‘Parachutes’ Cushions Coldplay’s U.S. Landing

If you tuned in to ABC over the holidays, you probably heard this young British quartet’s song “Yellow” playing behind the network’s seasonal prime-time promos. Since such appropriation is no longer deemed harmful to a band’s image, the potential exposure for Coldplay’s debut album easily outweighed the risks for an act poised to follow fellow U.K. darlings Travis and Radiohead into either beloved-cult or superstar status in the U.S.

A finalist for Britain’s prestigious Mercury Music Prize in 2000, this dreamy collective expertly whips up a depressive, primordial Brit-pop soup redolent of U2, Oasis, and Gomez. Guitarist Jon Buckland, bassist Guy Berryman and drummer Will Champion expertly add velvety dashes of post-punk, acoustic folk, jazz-pop and blues, focusing the music’s meandering magnetism through vocalist Chris Martin.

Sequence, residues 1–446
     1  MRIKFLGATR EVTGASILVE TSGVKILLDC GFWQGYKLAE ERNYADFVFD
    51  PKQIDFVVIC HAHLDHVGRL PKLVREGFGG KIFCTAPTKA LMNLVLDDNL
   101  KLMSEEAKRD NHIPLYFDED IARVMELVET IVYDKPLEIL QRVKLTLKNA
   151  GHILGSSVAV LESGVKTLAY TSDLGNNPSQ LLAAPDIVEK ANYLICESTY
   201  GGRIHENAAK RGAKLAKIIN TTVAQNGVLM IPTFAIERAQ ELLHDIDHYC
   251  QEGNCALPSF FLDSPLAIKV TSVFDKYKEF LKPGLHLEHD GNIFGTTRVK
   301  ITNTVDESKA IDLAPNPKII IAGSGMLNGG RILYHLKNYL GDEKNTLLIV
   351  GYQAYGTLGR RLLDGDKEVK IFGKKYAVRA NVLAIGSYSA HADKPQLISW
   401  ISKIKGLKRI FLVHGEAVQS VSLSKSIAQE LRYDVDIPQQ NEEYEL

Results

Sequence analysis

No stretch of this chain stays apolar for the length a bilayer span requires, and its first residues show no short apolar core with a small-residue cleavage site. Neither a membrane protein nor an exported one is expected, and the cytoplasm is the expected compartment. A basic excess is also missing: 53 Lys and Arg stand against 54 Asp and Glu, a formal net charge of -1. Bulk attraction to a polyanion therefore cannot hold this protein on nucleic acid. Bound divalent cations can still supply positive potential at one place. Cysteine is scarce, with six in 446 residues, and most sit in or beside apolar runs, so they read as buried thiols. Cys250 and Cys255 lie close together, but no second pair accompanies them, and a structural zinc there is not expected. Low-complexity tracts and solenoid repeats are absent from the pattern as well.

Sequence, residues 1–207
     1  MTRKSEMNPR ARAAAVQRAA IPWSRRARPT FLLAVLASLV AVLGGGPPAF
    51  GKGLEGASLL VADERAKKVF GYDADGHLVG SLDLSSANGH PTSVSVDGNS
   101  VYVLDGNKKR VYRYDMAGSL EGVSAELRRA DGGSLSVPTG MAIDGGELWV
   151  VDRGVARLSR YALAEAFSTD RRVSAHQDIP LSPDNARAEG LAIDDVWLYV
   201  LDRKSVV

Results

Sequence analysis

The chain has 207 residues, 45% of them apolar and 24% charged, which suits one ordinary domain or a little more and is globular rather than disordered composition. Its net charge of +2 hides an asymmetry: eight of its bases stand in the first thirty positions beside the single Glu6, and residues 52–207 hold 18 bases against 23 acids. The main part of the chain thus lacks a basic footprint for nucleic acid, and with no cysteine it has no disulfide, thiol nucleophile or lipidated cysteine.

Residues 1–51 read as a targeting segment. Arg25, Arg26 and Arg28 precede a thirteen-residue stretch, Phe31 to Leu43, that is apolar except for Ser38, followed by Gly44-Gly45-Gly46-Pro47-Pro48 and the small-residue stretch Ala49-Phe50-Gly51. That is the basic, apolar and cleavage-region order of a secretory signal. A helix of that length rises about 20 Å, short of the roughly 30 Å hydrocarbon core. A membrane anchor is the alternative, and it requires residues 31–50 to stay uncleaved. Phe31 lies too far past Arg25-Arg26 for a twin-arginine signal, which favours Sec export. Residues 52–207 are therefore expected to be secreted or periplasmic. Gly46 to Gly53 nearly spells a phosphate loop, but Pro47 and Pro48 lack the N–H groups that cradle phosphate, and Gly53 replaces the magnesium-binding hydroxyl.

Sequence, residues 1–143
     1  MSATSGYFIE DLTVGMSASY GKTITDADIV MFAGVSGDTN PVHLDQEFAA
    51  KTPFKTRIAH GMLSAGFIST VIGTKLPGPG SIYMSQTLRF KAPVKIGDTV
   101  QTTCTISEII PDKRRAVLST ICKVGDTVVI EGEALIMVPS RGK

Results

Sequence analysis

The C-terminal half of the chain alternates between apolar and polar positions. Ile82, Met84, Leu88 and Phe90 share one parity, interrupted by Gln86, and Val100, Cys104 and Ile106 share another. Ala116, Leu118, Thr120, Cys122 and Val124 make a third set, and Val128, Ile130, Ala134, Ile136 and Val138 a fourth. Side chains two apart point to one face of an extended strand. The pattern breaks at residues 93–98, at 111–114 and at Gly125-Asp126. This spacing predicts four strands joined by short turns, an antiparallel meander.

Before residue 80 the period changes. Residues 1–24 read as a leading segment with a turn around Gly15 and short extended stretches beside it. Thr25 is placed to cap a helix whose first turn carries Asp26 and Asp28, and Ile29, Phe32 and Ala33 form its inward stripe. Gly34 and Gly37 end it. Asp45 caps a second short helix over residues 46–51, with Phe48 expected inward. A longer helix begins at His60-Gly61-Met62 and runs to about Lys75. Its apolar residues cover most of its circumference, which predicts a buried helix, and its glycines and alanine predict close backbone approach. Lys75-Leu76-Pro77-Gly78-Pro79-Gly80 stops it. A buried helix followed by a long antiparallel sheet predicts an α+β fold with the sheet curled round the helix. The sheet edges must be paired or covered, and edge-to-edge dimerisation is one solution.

In such numbers as “Sparks” and “Trouble,” Martin’s weary tenor wavers fetchingly as he whispers his devotion in the deadpan-sweet manner of an aging English professor trying to bed his students (and succeeding). His style leaves room for interpretation, as on “Shiver,” a confession of unrequited love that borders on creepy. The music’s familiar components belie its confidently original twists, and the lyrical ambiguity doesn’t diminish the songs’ emotional impact. Coldplay headlines the Mayan Theatre on Feb. 14.


Albums are rated on a scale of one star (poor), two stars (fair), three stars (good) and four stars (excellent). The albums are already released unless otherwise noted.